As trading partners, Australia and Mexico are beginning to go steady. But with speculations that Mexico is on the brink of failed state status, could this become a bad romance? It certainly doesn’t seem that way…
Just last year, Australia and Mexico’s two-way merchandise trade was worth $2 billion. Our people-to-people links are growing stronger, there are more opportunities for bilateral trade on the horizon than ever before and education links are flourishing; with more and more Australian and Mexican students taking advantage of our countries’ reciprocal education programs.
Multilaterally our union is strong too, as we continue to work harmoniously on issues such as climate change, whaling, and in forums, including the United Nations, G20, WTO and APEC.
Clearly, the Australia-Mexico relationship shows much promise. Still, many pundits would have you believe that our partner is unsteady on its feet.
In its influential Foreign Policy magazine, US think-tank Fund for Peace (FfP) recently referenced Mexico in the warning category of its failed state index. Even the US Joint Forces report (JOE 2008) named Mexico alongside Pakistan as a state ‘on the brink of rapid and sudden collapse’.
The reason? Mexico’s ongoing drug wars.
The bloodthirsty battle, which has claimed 28,000 lives since 2006, is mostly due to in fighting between the cartels and the Mexican government. But sadly, innocent civilians, police, politicians and journalists have all been caught in the crossfire. Corruption is rife, and impunity is ubiquitous.
While Mexico is seeing turbulent times, does Australia have cause to be concerned about our economic partnership? Not really.
There’s no question that a failed state would be a less than desirable trading partner for Australia, but putting Mexico into a ‘failed state’ category seems a bit of a stretch, especially if you are comparing it to a country like Pakistan.
Let’s consider: Unlike Pakistan’s, the Mexican government has not lost control of its territory. In fact, since its installment in 2006, President Calderon’s government has been the most proactive yet in its determination to crush the cartels, which pose its greatest threat. Having deployed 45,000 troops and 5,000 federal police to fight them, the increased violence we are now seeing is a result of the Mexican government finally flexing its muscle against the enemy. And lets face it; the cartels were never going to go quietly.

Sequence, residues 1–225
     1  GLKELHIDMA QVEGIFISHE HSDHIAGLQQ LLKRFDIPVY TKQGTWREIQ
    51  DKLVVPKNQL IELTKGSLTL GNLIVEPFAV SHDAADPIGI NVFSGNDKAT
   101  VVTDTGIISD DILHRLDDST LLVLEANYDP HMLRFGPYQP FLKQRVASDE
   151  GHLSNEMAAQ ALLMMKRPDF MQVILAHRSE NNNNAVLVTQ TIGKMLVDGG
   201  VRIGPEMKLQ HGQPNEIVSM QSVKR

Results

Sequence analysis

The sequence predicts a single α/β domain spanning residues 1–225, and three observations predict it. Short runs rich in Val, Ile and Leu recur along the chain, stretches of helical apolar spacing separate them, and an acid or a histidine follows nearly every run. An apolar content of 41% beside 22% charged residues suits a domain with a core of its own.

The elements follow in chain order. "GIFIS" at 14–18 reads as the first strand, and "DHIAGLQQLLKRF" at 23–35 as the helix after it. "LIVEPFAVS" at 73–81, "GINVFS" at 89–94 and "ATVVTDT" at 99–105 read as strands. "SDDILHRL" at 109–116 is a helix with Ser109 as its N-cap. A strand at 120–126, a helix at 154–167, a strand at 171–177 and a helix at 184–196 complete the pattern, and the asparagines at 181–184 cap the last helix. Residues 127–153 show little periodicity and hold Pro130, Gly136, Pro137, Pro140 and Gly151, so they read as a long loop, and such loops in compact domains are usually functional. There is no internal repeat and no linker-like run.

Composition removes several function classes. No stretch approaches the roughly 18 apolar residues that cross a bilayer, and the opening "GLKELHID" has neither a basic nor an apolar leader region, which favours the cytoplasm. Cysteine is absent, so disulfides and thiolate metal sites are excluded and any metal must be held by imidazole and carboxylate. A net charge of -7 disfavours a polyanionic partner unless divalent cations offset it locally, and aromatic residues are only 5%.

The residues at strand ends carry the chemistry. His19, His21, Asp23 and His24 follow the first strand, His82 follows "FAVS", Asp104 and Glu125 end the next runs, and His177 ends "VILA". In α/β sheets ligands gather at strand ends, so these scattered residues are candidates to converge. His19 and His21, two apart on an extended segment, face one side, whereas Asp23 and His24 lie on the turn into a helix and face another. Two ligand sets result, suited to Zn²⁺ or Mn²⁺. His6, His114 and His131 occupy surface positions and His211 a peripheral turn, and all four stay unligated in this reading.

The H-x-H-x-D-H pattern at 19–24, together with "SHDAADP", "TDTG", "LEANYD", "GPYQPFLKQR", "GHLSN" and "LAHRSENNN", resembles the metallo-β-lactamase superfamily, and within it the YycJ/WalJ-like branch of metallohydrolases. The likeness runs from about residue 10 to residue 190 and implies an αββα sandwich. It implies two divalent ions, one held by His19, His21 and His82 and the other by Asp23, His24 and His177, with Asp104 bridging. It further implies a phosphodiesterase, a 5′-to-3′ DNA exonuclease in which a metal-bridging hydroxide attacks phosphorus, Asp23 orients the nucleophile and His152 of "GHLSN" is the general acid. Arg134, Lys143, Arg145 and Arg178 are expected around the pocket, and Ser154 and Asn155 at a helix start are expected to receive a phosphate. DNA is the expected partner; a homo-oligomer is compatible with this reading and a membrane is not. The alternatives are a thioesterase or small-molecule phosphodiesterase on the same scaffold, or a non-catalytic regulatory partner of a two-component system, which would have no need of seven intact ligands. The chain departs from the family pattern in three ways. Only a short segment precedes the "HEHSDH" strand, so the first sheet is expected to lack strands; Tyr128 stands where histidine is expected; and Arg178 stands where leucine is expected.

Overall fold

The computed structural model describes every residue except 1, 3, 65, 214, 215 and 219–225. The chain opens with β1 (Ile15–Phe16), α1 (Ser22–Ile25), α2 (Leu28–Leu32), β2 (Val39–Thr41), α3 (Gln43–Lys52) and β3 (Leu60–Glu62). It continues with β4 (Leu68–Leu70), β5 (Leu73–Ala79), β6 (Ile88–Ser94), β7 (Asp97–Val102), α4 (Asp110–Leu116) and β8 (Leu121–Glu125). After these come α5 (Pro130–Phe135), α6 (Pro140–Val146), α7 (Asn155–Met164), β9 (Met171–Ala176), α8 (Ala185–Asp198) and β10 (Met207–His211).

It is a coup not without flaws of course; the human cost has been dear. But, according to a recent survey by independent think-tank Pew Research, 80% of Mexicans support the government’s use of the army to fight the drug traffickers, especially in the absence of a stronger alternative.
Although the legalisation of drugs debate has been re-opened in Mexico as an alternative to the current strategy, it is unlikely such a bill could ever be passed unless the US (whose citizens demand for illicit drugs fuels the war) relaxes its own drug laws.
Economic decline is another symptom FfP lists (again, evident in Pakistan). But on the contrary: Mexico’s economy is on the up.
Former Mexican Minister of Finance, Agustin Carstens (now Central Bank Governor), recently forecast a 4-5% GDP growth for Mexico in 2010 , evidence the country is bouncing back after the global economic crisis. Only two years prior in 2008, Carstens claimed that the violence and deteriorating security in Mexico was jeopardizing foreign investment , reducing the nation’s GDP by 1% annually.
The IMF now ranks the Mexican economy 11th in the world according to its GDP, with Australia not far behind at 17th.
Dismissing failed state conjecture; things look positive for the Australia-Mexico economic partnership; even more so when you consider our complementary trading profiles and economy size.
Simon Crean, former Minister for Trade, was also confident. In the speech he delivered to the Mexican Council of Foreign Relations (COMEXI) and Industrials Club in Mexico City in April this year, Crean waxed lyrical of future trade relations between our two countries. He encouraged a creative partnership that is co-operative and understanding; one he was “committed to strengthening”.
Indeed, with the Australia-Mexico trading partnership delineating the potential to only grow stronger (not weaker), a strong will is required of both nations ongoing. This will help to instill a mutual confidence in both partners of the fecund political and cultural benefits our continued alignment can provide.
Jess Chalker is currently undertaking a Masters at the School of Letters, Arts and Media at the University of Sydney. She also holds a Bachelor of Arts degree from the University of Sydney, where one of her majors included Spanish and Latin American studies.